Have you noticed how wine has become so last year? These days, discerning palates are praising the pure, unsullied taste of water. But don’t make the mistake of thinking that water is simply water. Far from it. The world of bottled water is surrounded by a culture equally as involved as that of wine, with specialist water sommeliers recommending waters from around the world based on their taste, mineral content, softness and acidity. Waters can be sweet or salty, smooth or complex, fruity or even metallic.
The Fine Water Society now holds an annual Summit as well as Water Tasting Competitions, explaining that terroir affects fine waters in just the same way as it does fine wines. A water’s mineral composition results in a unique flavour, affecting how it pairs with foods and other drinks – so the right ice cube in your glass can really make a cocktail sing.
Waters range from a super-low mineral content, such as award-winning Svalbardi (collected from icebergs in the Arctic Ocean), to ROI (one of the world’s most magnesium-rich, naturally carbonated mineral waters from an ancient spring in Slovenia). Those in the know now order their water by name, and the finest restaurants offer a full menu of waters to match with different dishes and styles of cuisine. A low-sodium water pairs perfectly with caviar. Choose something with a high-bicarbonate level to drink with cheese, or a softer, sweeter water low in calcium and magnesium to pair with desserts or chocolate. Carbonation also plays a part, big bubbles matching well with hearty, robust flavours, whereas fine bubbles work well with delicate fish and sushi.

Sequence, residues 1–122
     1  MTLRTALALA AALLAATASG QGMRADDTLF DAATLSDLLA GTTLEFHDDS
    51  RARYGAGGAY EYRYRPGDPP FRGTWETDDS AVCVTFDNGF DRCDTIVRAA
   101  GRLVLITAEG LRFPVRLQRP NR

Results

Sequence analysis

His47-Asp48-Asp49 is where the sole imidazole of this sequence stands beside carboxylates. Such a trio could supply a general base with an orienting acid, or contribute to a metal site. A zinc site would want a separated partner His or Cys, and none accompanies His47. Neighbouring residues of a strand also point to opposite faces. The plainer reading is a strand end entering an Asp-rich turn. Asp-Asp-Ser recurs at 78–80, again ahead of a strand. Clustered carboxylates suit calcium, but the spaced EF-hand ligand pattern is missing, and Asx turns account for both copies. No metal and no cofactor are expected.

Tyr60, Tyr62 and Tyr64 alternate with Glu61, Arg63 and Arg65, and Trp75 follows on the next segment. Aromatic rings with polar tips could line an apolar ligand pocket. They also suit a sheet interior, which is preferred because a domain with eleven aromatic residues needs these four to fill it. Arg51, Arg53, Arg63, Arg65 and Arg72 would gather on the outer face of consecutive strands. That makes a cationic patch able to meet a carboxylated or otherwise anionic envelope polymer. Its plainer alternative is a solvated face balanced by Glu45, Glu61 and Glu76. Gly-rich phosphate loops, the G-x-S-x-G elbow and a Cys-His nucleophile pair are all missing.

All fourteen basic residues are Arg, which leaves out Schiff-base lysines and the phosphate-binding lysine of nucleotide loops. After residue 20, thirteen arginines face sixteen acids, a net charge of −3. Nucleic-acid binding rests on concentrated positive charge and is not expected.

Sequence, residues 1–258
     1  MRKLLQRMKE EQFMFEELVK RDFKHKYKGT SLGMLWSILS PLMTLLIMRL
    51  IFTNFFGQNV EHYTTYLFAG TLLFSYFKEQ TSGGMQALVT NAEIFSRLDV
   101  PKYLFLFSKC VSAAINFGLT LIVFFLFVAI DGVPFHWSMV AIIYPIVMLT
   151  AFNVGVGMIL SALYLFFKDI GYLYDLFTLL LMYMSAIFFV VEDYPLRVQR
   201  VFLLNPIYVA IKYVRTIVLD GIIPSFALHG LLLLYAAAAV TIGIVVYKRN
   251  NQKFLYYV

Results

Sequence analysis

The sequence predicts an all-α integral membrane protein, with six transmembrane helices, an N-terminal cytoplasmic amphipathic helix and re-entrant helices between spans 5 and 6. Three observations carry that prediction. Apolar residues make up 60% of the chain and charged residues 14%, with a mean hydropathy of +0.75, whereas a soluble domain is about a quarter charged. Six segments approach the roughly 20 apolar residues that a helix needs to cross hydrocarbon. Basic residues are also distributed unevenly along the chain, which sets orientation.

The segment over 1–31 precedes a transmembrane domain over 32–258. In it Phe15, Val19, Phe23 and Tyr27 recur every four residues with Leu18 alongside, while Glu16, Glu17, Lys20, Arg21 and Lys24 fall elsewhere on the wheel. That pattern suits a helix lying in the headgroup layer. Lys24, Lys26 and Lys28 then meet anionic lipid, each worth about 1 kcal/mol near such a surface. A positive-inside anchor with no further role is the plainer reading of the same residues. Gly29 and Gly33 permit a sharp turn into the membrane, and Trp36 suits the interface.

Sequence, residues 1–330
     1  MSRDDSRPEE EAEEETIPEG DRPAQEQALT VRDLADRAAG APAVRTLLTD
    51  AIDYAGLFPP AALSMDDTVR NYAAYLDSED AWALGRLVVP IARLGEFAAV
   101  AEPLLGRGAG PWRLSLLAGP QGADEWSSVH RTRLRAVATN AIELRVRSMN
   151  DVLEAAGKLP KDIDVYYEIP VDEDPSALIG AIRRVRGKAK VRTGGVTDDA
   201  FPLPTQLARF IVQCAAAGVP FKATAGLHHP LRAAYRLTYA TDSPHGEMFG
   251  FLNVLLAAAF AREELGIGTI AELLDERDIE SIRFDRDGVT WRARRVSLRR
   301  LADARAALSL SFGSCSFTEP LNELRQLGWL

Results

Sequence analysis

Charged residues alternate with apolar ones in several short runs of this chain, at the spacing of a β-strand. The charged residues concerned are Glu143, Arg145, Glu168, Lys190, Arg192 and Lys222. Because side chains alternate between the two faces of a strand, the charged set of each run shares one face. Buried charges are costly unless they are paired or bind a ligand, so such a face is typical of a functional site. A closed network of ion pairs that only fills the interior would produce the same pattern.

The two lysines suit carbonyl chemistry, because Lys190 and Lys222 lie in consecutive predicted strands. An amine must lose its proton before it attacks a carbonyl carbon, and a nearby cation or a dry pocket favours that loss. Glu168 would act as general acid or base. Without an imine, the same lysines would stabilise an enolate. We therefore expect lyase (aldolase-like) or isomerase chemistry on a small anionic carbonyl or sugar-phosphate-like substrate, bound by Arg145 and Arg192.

Winning Gold in 2016 and Silver last week at the Water Tasting Competition in Guangzhou, Svalbardi water is described as soft, acidic, with a very low mineral content, and is recognised by the Fine Water Society as one of the world’s best tasting, super-low mineral waters. Harvested, melted and bottled in the Svalbard Archipelago, it supports the local economy, while the company also donates a percentage from the sale of each bottle to support polar and climate research.
The next time you are entertaining, consider serving only water, with no wine to distract from the flavours of the food. Serve different waters as the meal progresses as a sign of true connoisseurship, using their subtle differences to highlight the flavours and mouthfeel of each dish. Just as there is no such thing as the best wine, there is not one best water. Get together with a group of friends, a selection of sushi, cheese and chocolate, and carry out your own taste test to find your favourites.